It’s all in the fine print

Being kind to the planet starts with me, myself and I. There are days when I am friendlier to this world than others, and aside from the fact that I left the light on in the bathroom at my local hang out, Central Coffee yesterday (sorry guys), May 8th was a relative success. Then I got to thinking. Reducing the toxicity of my global footprints is a noble endeavor, but what happens when I have a family and life gets busy? Granted Prince Charming and kids are far, far, far away, but how will I, as a matriarch, ensure my family cares about Operation Protect Earth?

I did some rooting around and discovered people far wiser than I have already engineered a game plan: green picture books. I am a firm proponent of the power of education, especially in the form of books. Not only does reading with children encourage their development, it gets them excited about creatively engaging with their environment – be it the backyard or the classroom or the great beyond.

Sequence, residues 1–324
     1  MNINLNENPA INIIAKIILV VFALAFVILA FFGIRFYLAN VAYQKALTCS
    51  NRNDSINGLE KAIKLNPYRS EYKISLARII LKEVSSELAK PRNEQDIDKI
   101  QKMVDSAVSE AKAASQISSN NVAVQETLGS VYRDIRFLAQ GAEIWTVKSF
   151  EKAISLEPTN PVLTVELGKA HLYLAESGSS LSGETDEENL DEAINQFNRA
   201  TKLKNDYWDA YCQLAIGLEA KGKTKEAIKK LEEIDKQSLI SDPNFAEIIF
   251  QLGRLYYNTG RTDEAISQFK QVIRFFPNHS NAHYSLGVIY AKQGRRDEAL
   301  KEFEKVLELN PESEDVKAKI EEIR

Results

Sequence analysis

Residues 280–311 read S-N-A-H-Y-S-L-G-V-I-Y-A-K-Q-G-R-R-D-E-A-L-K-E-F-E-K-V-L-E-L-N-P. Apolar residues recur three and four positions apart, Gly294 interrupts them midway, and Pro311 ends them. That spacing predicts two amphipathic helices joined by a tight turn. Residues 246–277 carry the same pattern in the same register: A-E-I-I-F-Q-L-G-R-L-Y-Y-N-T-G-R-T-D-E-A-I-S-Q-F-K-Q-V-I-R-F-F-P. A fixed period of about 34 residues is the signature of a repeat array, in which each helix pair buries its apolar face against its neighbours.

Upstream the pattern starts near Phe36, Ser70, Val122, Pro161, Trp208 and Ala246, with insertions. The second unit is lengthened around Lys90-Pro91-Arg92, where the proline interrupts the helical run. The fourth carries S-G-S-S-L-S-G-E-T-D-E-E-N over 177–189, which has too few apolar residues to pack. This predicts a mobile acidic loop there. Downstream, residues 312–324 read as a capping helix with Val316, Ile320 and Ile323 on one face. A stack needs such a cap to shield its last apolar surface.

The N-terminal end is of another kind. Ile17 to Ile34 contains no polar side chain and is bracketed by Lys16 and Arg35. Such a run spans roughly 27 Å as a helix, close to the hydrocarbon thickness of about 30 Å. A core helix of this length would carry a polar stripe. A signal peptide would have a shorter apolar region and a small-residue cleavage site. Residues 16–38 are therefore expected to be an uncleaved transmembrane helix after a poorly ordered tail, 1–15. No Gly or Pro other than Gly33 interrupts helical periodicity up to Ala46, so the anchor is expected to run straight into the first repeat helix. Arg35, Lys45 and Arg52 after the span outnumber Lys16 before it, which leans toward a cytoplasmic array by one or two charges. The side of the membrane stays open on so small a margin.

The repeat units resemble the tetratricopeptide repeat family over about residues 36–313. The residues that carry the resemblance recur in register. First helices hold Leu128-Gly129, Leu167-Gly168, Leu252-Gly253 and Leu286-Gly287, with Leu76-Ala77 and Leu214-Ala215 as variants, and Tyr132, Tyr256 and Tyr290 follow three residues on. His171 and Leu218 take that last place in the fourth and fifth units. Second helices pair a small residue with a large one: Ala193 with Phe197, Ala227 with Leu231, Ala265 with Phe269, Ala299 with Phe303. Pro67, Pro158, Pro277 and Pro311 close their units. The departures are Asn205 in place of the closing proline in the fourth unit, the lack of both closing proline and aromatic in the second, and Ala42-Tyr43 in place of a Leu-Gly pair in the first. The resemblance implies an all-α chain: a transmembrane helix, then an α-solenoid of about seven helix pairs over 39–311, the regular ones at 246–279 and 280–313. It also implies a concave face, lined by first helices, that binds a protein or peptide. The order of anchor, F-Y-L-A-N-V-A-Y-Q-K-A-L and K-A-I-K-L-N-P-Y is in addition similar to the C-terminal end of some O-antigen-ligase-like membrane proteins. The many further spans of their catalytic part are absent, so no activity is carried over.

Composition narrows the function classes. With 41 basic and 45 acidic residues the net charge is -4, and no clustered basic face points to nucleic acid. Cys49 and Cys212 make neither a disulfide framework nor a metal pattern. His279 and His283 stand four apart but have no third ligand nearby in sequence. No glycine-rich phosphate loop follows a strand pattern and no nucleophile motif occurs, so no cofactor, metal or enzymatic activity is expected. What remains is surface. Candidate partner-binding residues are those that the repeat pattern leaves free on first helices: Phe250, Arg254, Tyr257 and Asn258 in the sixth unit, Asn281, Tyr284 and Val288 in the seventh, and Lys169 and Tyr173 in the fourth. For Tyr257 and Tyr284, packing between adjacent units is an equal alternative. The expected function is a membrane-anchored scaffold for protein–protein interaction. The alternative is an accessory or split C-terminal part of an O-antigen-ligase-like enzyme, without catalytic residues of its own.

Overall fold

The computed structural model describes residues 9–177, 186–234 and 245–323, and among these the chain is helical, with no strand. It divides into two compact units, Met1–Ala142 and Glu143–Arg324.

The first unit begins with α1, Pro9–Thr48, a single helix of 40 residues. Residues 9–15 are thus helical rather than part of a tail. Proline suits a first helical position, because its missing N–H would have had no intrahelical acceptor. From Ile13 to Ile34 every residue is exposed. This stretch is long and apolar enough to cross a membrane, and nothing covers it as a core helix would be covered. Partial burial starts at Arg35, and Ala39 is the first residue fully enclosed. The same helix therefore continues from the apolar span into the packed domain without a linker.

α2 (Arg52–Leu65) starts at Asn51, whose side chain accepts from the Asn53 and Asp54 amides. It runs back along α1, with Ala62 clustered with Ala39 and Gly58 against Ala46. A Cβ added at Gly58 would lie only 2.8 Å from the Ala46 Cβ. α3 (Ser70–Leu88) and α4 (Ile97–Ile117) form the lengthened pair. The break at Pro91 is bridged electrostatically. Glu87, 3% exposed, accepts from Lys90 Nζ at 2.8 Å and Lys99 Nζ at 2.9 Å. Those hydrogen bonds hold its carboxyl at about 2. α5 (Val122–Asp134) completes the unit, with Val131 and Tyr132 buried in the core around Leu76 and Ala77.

Here at Cayisa we talk a lot about seed planting. By purchasing or checking out these children’s books and reading through them with your kids, the families you nanny, or those pesky cousins who need occupying, you’re planting seeds of the metaphorical variety. If we introduce kids to these issues now, perhaps we can cultivate within them a greater sense of empowerment that will impact how they solve future problems.

So, what are the top titles in children’s lit with green morals*?

1. The Lorax: Dr. Seuss

(I can hear a voice from the 60s whispering, “Respect the classics, man.”)

2. Our Big Home: Linda Glaser

(This one has lovely illustrations.)

3. Charlie & Lola – We are Extremely Very Good Recyclers: Lauren Child

4. The Green Mother Goose: Jan Peck

5. The Curious Garden: Peter Brown

6. Good night, laila tov: Laurel Snyder

(This one does double duty with Jewish heritage included.)

7. The Butterfly’s Treasure: Schim Schimmel

8. Rotten Pumpkin – A Rotten Tale in 15 Voices: David M. Schwartz

9. When Santa Turned Green: Victoria Perla

(Christmas in July never hurt anybody.)

10. The Giving Tree: Shel Silverstein

Hopefully this list has you bonding with your inner bookworm. Read any of these titles? Comment your thoughts!

*Ranked in no particular order, pictures from


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